Endorsement: "I would highly suggest that you steer clear of this website at all costs and disconnect yourself from all affiliation with those involved."
Started by Cain, September 10, 2008, 11:11:29 AM
Quote from: Iason Ouabache on September 12, 2008, 10:56:43 AMMore proof that Science Blogs is the best damn site on the internets.
Quote from: Jason Wabash on September 18, 2008, 01:11:03 AMWhile we are at it, here's some Cancer 101:http://scienceblogs.com/denialism/2008/09/cancer_101.php
Quote from: Risus on September 18, 2008, 05:19:22 PMQuote from: Jason Wabash on September 18, 2008, 01:11:03 AMWhile we are at it, here's some Cancer 101:http://scienceblogs.com/denialism/2008/09/cancer_101.phpWho's "we" kemosabe?And what does cancer have to do with quantum?
Quote from: Vene on September 12, 2008, 03:02:28 PMQuote from: Iason Ouabache on September 12, 2008, 10:56:43 AMMore proof that Science Blogs is the best damn site on the internets.Yep, also proof that at it's simplest level, I still can't wrap my head around quantum physics.
Quote from: Requiem on September 28, 2008, 02:09:45 AMQuote from: Vene on September 12, 2008, 03:02:28 PMQuote from: Iason Ouabache on September 12, 2008, 10:56:43 AMMore proof that Science Blogs is the best damn site on the internets.Yep, also proof that at it's simplest level, I still can't wrap my head around quantum physics.Lets try it on an even simpler level:1) There is a minimum energy/mass things can have, everything can be measured in a multiple of this minimum.2) Objects at this size, or close to it, don't have an exact position or velocity, so they look like waves in most experiments.3) If you try to measure the location, they act more like particles, just to fuck with you, but the velocity gets more uncertain, also just to fuck with you.Conclusion: God hates physicists.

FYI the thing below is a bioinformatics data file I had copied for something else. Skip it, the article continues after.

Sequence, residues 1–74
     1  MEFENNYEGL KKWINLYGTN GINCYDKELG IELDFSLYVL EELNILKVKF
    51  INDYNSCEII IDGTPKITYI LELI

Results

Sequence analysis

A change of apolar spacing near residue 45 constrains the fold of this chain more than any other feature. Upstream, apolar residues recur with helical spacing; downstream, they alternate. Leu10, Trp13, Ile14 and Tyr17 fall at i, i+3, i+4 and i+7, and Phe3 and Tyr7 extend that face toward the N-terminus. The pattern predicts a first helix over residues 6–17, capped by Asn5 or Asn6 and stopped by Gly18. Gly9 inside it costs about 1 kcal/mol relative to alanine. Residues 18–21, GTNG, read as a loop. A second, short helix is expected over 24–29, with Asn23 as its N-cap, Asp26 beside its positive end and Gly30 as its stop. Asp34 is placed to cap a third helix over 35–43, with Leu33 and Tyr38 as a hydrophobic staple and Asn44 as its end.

Quote from: John Marburger III, "Beneath Reality"The Schrödinger field pattern in position space determines where a detection event is likely to be found, and its pattern in wavelength space determines the momentum we associate with the object causing the event. If the events are localized in a small region, the wave pattern will be localized but consequently it will contain many elementary waves – its momentum will not be well-defined. Conversely, if the momentum detector clicks only for a narrow range of momentum values, the wavelength is well-defined, and the wave pattern must extend over many cycles – its location in space is not well-defined. You can have waves with well-defined position or well-defined momentum, but not both at once. This is the true meaning of the uncertainty relation first enunciated in 1927 by Heisenberg. The "Heisenberg uncertainty relation" emerged in an atmosphere of confusion from which it has never quite escaped. Much of the fault lies with Heisenberg himself who was not content with setting forth the bare theory, more or less along the lines I have described above (but in mathematical language), he also tried to make the result more comprehensible with suggestive physical arguments. For example, he implied that the uncertainty has its origin in the inevitable disturbance caused by the measurement process (which is not inherently a quantum concept). Bohr objected to these explanatory efforts, convinced that the matter was deeper than Heisenberg made it out to be. As I see it, most problems of interpretation are resolved by the simple fact that the microscopic theory does not refer to any physical waves or particles. It refers to well-defined detectors and unambiguous events of detection. Accounts that ascribe position to particles and momentum to waves apply macroscopic language inappropriately to microscopic nature. You can set a detector to register an event with well-defined momentum, or you can set it to record an event with well-defined position. That does not entitle you to say that the event is caused by a "wave" or by a "particle."